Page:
by Mike Shea on 15 December 2004
I love the internet. I hate the internet, too, but times like these, I love it. Every so often, as we jump from resource to resource, digging through flash movies and bloated graphics, we come to something really useful, something really amazing. Today I found a site called Critters.org. I read a bit about writer's workshops with mixed reviews. Sometimes they work great and sometimes you want to lie in a bathtub with your wrists slit.
Yesterday I received my first official rejection from Strange Horizons for my short story, "Shock". Now I know it's not the greatest tale ever spun, but it's not bad. I didn't expect it to get accepted. I expected a very short form-reply telling me it didn't fit their needs or their genre. Instead I got "I'm afraid this story felt very contrived." I had to grab my Webster's to even know what that meant. What exactly were they afraid of? What defines "contrived"? Anyway, it obviously pissed me off, not because of the rejection but because of a lack of any real detail. A form letter would have been better.
I have the basics of writing down. I know all of the stupid little rules. I carry my Strunk and White like a security blanket (I have it on me right now) and I take all of those rules in my Writing Tips PDF to heart. I need more, however. I need to improve the stories themselves. That's where a site like Critters can come in. Critters requires you to send in one critique per week to get your story up in their que. When it's your turn, you will get a bunch of critiques of your own story. The whole thing is free.
What I love about Critters is the vast wealth of information there. They have a letter by Stephen King's agent about Electronic Copyright. They have a site with the average response times of F/SF magazine submissions. They have a resource page with enough articles to keep me busy for weeks.
There are other great writing websites out there too. I am a big fan of Robert J. Sawyer's website which contains over a million words in reviews, articles, and columns.
I'd love to get a couple of stories published in real publications. I'd love to meet the requirements to join the Science Fiction Writers of America. But part of me also wants to just publish my short stories here on the web and be done with them. I don't want money. I don't want to hang onto my copyright for the next 100 years. I just want people to read my crap and escape from their mundane lives for a little while. Perhaps, once I get a story critiqued where I like it, I'll just publish it here and offer hardcopy anthologies through lulu.com for about $10 a copy. The market for short story writers really sucks right now compared to the good old days of crappy pulp mags in the 20s and 30s. Maybe self-publishing is the way to go. The only real reason I want to get published in mags like F/SF and Weird Tales is validation that my stuff is good enough to buy and sell. Who knows.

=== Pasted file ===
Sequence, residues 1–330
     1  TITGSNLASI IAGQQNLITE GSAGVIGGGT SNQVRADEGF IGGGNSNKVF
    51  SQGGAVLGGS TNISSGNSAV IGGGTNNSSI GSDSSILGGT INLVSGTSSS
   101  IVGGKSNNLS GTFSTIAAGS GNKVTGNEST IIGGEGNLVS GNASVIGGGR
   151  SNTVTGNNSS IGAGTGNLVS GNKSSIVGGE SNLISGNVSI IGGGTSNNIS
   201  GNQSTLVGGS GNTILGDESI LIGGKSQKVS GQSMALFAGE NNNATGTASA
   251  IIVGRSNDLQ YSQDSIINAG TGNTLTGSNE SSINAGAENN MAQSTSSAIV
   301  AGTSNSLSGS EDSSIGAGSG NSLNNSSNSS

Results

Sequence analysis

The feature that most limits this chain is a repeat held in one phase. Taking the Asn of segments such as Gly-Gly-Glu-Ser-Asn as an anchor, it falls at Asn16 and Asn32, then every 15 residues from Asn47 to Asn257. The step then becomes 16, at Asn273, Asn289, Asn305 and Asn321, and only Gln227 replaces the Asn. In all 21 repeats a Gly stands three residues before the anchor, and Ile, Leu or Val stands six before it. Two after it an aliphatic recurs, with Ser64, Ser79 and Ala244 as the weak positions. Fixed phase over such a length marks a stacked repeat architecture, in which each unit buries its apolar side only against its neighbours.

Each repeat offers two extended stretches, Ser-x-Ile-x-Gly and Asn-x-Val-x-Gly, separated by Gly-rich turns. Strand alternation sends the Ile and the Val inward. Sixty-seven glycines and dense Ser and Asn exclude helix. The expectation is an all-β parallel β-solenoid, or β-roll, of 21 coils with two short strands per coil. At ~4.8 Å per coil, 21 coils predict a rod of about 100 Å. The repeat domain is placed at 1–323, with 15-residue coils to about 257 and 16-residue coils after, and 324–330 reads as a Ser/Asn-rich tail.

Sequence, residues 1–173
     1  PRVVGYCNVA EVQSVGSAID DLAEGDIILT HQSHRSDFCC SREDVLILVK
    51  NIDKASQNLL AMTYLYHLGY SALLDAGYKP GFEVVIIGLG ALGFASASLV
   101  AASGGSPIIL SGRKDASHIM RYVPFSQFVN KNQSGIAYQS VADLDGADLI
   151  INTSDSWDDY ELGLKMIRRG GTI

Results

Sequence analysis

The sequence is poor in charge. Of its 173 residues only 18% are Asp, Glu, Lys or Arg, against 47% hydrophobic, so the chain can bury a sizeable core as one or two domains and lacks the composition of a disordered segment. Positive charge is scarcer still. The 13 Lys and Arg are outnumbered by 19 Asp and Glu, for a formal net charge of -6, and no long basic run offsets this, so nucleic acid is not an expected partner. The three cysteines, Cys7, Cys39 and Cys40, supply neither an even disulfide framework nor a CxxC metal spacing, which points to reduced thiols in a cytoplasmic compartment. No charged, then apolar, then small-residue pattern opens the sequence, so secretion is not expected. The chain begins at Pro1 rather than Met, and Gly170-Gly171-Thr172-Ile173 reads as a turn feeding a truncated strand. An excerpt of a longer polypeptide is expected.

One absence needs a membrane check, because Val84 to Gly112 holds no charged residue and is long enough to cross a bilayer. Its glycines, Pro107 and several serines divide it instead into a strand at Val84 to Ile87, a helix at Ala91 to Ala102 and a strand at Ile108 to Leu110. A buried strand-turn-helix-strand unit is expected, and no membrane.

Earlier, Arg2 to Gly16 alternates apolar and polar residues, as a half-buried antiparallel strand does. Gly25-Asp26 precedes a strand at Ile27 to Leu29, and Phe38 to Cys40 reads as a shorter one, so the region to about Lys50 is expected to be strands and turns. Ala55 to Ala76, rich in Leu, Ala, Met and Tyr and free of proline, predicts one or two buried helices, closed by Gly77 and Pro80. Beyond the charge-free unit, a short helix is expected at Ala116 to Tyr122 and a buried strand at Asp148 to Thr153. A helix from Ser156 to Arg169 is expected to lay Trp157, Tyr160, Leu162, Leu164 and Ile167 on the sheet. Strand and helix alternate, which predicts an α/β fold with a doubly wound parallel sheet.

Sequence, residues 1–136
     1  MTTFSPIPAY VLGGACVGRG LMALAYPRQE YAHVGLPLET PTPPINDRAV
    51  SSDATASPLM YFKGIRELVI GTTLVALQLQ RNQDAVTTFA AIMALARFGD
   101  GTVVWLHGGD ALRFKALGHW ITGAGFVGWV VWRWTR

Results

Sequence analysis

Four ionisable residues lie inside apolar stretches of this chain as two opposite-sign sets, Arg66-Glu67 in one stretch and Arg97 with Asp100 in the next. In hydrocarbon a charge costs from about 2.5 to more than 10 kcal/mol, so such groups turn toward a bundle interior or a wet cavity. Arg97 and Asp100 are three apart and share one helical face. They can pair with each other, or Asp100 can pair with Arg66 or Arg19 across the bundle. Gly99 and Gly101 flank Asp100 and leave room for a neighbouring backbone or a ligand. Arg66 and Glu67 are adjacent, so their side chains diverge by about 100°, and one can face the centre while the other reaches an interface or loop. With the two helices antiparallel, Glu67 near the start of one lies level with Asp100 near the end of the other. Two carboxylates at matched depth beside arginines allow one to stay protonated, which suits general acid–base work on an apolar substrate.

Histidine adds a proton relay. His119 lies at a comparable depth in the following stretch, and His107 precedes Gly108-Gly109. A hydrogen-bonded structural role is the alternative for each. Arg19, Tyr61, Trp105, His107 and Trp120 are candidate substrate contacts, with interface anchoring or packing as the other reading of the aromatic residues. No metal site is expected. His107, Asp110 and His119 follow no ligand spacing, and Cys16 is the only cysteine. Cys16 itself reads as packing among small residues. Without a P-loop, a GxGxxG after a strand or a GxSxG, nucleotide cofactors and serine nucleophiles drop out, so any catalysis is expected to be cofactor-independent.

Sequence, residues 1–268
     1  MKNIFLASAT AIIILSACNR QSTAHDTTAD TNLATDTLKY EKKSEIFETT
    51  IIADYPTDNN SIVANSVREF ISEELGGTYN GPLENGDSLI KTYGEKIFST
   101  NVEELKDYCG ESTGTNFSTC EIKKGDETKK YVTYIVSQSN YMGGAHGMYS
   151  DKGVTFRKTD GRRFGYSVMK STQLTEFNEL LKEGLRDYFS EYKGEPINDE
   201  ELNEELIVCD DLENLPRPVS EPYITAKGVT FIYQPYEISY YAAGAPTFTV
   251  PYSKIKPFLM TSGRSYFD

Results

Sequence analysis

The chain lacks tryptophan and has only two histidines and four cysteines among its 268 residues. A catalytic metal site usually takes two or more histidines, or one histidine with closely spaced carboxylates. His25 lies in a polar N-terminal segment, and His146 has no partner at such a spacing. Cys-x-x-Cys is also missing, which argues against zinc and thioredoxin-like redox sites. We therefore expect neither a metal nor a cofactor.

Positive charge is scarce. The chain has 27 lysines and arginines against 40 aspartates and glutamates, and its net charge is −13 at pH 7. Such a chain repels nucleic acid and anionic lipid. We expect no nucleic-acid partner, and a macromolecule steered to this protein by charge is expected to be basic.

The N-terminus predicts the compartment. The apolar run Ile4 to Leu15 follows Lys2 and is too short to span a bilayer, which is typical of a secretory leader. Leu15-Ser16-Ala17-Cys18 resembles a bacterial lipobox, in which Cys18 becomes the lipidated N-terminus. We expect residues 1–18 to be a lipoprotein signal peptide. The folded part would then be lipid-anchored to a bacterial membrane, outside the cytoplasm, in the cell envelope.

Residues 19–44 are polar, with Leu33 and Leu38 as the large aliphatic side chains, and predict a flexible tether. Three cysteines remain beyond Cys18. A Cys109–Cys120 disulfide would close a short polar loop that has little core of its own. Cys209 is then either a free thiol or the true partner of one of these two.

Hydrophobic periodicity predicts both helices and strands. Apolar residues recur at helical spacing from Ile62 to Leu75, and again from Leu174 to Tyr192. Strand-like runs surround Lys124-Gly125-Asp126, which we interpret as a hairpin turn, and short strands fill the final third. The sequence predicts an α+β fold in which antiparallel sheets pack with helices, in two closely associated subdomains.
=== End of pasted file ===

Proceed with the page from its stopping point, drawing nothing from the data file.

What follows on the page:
Well, later I'm going to send Shock to Sci Fiction, the fiction-side of Scifi.com, and see if they think its contrived.
So here's a little resource guide for those of you who want to follow my footsteps into the dark forests of obscurity:
Good Books on Writing Fantasy and Science Fiction
Stephen King's On Writing Strunk and White's Elements of Style Cory Doctorow's Complete Idiots Guide to Publishing Science Fiction Orson Scott Card's How to Write Science Fiction and Fantasy
Excellent Sci-fi Writing Resources on the Web
Robert J. Sawyer's website Critters.org Resources Elements of Style online George Orwell's Politics and the English Language James Patrick Kelly's website: stories, advise, and free mp3s of Kelly's stories. Science Fiction Writers of America
Scifi / Fantasy Magazine Submission Guidelines
Robert Sawyer's Manuscript sample Strange Horizons Asimov Fantasy and Science Fiction Analog Sci Fiction Interzone Chizine Absolute Magnitude, Dreams of Decadence, Fantastic Stories, and Weird Tales Realms of FantasyAuthor's Blogs
William Gibson Neil Gaiman Bruce Sterling
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